That night we hung out with the only other people at the campground, 2 other guys doing the same thing Devin and I were. We sat around our dusty fire pit and drank way too much beer and traded stories we’d heard of American surfers getting into trouble in Mexico…you know because whats better than horror stories that took place to our friends in the same place we currently found ourselves? Just as our fire started to die, a car started coming down the hill, one head light busted, old clanky metal, chains…you know the truck that mass murders drive in Horror movies…yeah that one. We couldn’t see a freaking thing in the dark and we figured we were all dead as the truck slowly pulled in behind my car. The four of us had taken to complete silence in our drunken stooper as we desperately looked to each other for some kind of weapon or light saber or anything to provide protection from what had to be some evil Mexican mafia member… Slowly the driver side window squeaked down, it must have been an old school hand cranked window because that thing moved slower than imaginable.
“Quiere madera?” a small squeaky voice asked from inside.
…she wanted to sell us firewood. The small 5ft nothing 85 pound owner of the camp ground was being sweet and delivering us more firewood. Feeling like a complete idiot I gave the lady 10 dollars and she dropped what had to have been a half a ton worth of wood. We could have built a small mansion out of that much wood…or you know…build a bonfire the size of my car and sit back and cheer it on like a bunch of idiots…we chose the later
That night was also a red tide. Red tide, for those of you who have never been lucky enough to see at night is really a bad name for a natural phenomenon happens for about a week every few years on some select coastlines. When the temperature is right, phytoplankton come to the surface of the water and at night emit a neon blue light when disturbed by the crashing waves. Normally this is only visible in San Diego as a dull, barely visible, burst of light when the bigger set waves break. However, with no light pollution in Baja, this effect was brilliant. The colors literally lit up the cliff side and put on a light show that I still think didn’t really exist. Devin is convinced there was some sort of LSD in our beer. Blue explosions kept us awake for most of the night, only after swimming in the water and seeing our bodies light up with every step or splash of the water did we get our fill.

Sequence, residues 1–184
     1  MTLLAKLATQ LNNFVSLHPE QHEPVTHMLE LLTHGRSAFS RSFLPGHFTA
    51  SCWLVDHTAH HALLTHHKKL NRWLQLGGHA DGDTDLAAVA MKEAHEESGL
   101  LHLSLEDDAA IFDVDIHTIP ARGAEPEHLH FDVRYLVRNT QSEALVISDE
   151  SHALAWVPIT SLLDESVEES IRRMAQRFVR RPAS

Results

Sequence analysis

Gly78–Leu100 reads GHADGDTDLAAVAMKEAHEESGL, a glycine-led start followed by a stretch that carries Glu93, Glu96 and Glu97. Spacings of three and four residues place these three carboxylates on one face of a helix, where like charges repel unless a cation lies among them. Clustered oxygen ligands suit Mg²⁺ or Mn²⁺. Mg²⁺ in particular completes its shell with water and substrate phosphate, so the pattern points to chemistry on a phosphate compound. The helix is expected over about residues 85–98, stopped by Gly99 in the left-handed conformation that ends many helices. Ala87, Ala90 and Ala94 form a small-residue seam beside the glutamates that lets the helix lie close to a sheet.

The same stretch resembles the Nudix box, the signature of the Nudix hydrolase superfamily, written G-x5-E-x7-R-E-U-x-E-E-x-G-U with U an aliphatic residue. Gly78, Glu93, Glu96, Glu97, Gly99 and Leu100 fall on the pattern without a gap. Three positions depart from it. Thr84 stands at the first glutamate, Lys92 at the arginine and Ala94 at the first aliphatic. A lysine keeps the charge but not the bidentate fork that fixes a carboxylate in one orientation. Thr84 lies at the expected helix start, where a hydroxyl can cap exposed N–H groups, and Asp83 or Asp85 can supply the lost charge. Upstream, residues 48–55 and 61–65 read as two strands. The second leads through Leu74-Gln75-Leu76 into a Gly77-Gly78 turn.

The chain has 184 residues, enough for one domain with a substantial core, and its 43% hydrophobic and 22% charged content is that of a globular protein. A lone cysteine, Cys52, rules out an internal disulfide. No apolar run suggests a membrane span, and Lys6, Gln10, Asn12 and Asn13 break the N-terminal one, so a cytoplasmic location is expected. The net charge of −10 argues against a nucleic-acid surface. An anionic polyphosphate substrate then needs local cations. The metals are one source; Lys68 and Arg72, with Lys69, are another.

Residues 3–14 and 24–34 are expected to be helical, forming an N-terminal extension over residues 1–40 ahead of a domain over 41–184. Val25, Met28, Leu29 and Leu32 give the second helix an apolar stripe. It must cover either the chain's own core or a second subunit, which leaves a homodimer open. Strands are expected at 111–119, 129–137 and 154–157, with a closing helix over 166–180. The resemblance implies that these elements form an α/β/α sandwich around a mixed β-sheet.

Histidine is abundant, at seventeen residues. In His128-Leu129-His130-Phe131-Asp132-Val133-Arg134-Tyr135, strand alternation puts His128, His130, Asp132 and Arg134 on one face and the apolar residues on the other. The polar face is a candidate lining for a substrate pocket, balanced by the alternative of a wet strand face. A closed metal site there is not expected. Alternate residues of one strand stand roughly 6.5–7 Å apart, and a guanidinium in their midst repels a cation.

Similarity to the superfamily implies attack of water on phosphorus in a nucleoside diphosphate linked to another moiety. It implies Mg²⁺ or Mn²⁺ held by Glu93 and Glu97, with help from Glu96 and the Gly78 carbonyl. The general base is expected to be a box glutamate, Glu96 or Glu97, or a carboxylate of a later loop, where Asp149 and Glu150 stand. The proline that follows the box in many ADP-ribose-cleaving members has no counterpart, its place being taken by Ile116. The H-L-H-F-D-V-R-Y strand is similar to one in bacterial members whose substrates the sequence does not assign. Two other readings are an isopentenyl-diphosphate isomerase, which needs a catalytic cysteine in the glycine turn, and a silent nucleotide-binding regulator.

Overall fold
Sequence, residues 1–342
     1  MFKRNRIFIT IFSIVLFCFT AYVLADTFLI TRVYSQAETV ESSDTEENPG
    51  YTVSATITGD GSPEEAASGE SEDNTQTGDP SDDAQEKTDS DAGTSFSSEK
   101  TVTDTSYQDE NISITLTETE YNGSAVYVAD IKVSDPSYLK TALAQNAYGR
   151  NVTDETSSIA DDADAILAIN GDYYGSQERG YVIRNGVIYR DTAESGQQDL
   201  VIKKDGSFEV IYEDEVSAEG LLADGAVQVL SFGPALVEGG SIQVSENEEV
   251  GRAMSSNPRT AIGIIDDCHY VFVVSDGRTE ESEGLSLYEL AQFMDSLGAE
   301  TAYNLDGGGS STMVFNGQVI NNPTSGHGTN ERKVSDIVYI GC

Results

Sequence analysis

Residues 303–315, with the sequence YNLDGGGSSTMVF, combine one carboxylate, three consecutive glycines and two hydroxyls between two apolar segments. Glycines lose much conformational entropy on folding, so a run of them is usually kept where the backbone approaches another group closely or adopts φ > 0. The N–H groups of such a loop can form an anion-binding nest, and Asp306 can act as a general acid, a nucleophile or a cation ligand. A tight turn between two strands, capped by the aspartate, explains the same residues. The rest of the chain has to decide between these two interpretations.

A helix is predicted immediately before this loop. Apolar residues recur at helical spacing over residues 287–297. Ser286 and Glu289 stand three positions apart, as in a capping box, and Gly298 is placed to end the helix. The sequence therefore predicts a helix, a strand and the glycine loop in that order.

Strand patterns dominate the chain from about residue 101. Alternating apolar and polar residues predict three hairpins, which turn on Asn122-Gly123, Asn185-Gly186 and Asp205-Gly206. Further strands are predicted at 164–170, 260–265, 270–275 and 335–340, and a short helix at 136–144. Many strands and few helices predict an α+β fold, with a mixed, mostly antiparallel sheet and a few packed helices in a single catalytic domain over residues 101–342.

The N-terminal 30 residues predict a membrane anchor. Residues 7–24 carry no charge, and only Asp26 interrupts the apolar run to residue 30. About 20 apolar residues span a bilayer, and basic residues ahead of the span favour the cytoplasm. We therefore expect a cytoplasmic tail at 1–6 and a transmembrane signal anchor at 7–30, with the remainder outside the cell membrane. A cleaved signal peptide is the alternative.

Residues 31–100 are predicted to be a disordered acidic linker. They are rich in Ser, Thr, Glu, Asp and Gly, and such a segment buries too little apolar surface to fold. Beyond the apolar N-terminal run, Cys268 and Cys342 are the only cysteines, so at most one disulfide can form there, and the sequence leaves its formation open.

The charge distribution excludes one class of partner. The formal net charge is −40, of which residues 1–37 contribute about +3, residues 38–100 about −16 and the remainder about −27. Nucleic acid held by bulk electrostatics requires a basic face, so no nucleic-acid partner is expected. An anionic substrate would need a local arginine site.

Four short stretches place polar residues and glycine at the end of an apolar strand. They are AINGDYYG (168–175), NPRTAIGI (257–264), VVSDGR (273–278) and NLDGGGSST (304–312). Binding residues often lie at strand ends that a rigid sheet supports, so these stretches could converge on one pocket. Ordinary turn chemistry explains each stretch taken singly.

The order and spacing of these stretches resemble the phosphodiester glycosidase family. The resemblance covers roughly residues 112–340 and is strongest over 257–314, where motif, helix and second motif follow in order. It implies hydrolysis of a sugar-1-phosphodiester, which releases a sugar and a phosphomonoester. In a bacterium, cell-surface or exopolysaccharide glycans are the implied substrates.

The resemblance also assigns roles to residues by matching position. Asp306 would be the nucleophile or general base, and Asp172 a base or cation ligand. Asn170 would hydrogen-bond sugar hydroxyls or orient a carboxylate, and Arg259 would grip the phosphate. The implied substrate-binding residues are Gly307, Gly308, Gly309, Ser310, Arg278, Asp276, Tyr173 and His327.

(a wave crashing during red tide)
The next morning I awoke to a strange sound outside the tent. It sounded as though someone was rifling through all of our camping gear and trying to steal our surfboards. I punched Devin in the face to wake him up and told him we had to go bum rush the punk taking our stuff…On the count of 3 we ran out of the tent fists wielding and ready to brawl…except that the “punk” going through our stuff was a horse. Yes, a horse. Apparently that small lady who brought us wood, also raised horses and fed them apples from her orchard. The bastards learned to equate surfers with camp food, and was looking for a nice steak or bag of doritos in our trash.
Feeling like ignorant assholes thinking everyone was out to get us in Mexico, we packed up and cowered home. About a mile out of TJ our trip that have previously been so wonderful, turned sour in about 10 minutess time.